So it is that, today, those suffering from erotic addictions flaunt their perversions as a form of liberation. They even go so far as to demand that the Church must repent of her fidelity to the eternal truths proclaimed by Christ, so as to evolve into more positive and less judgmental attitudes toward sexual acts and lifestyles that are objectively evil. This perverted perspective of mercy is directed toward helping people feel good about themselves and their sexual lifestyles, rather than help them to appreciate and be true to themselves as God’s children. Basically, it asserts that what is objectively codependent should be redefined as compassionate. And, to use an analogy made famous by Johnny Cash, it seems that pastoral care merely requires that we help souls move from coach to the more comfortable first-class section of “that long black train” headed straight to eternal damnation.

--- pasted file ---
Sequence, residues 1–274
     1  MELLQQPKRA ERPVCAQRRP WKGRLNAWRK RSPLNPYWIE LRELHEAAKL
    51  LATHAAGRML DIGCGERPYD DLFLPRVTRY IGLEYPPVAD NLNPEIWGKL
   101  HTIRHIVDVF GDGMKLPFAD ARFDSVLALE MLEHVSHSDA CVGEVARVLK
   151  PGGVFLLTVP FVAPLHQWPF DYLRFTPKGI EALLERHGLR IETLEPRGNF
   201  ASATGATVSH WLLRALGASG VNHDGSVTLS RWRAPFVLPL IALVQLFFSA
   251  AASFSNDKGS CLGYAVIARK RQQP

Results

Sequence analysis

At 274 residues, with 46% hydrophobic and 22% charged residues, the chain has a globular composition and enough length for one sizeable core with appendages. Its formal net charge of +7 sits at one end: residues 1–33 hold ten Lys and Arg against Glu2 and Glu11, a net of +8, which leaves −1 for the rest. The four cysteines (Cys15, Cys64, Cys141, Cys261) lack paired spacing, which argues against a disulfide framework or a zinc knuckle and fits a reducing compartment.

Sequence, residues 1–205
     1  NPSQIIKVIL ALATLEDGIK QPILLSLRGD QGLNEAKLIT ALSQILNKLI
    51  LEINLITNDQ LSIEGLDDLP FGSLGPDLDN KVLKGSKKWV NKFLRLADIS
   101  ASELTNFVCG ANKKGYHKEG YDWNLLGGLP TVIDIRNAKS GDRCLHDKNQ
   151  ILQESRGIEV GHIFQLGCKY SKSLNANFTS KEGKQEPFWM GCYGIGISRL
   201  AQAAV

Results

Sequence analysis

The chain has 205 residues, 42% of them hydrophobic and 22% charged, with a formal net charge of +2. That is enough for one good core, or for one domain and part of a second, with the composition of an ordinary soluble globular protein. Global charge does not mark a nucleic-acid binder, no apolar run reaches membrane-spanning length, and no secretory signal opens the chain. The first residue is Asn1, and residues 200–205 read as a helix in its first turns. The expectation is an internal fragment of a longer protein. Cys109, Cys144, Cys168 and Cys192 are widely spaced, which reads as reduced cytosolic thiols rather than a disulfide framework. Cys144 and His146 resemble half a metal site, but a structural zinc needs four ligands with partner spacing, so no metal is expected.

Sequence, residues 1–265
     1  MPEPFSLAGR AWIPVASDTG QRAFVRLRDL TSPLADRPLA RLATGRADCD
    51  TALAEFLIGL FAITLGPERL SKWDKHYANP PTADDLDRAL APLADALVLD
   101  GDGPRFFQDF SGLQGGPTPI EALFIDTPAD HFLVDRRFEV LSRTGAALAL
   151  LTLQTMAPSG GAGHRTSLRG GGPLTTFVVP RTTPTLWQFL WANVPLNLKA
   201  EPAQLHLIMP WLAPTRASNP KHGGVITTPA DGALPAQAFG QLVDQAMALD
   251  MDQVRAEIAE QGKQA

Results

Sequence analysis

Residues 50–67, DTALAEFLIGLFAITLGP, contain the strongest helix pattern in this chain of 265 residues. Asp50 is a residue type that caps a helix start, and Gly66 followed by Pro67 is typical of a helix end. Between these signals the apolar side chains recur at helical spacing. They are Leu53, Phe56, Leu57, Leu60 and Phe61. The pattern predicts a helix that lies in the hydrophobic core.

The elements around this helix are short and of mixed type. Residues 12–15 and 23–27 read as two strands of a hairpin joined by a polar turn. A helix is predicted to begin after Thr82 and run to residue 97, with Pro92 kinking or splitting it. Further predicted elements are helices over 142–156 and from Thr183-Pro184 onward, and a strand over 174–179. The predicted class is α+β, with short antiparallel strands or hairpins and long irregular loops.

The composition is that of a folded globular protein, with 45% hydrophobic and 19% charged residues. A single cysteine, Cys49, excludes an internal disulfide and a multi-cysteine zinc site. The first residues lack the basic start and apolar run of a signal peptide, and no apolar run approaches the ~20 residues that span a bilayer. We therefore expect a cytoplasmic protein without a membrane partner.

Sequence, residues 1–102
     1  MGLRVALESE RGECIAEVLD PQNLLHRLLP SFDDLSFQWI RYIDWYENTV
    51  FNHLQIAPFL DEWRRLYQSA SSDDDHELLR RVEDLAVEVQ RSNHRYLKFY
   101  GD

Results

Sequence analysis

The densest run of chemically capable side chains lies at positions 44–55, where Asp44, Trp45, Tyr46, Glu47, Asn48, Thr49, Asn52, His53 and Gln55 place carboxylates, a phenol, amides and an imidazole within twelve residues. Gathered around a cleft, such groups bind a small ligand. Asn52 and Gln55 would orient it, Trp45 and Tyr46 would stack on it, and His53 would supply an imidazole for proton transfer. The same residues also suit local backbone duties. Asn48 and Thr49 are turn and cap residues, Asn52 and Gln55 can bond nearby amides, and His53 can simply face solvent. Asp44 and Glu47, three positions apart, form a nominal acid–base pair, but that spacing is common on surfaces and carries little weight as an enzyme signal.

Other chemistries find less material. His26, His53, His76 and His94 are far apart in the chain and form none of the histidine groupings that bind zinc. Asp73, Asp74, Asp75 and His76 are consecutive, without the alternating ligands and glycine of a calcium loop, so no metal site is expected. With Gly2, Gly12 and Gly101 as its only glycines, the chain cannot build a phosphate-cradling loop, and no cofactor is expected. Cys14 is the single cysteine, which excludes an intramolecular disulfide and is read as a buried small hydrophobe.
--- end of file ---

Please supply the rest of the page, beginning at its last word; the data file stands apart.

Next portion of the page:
Misericordiae Vultus also seems to downplay the fact that sin is not just the violation of God’s  commandments. Sin violates and desecrates both persons and relationships. Sin desecrates and injures Christ, His Mystical Body and all of humanity. Thus we must ask, “What is so harsh or negative about telling a person, ‘You are sacred, so you must live in fidelity to your true dignity as a child of God’?”  In contrast to this basic truth of the Gospel, many people may get the false impression that Luther was right, when he asserted that we are merely dung heaps and the best we can hope for is to have our unrighteousness covered over by the “snow” of Christ’s divine righteousness. But the Church has always proclaimed that there is a need for conversion, reform and reparation in order for God’s mercy to cleanse and sanctify our character, and not merely our juridical standing in His Presence. God can neither deceive not be deceived – even by a righteous “snow job”.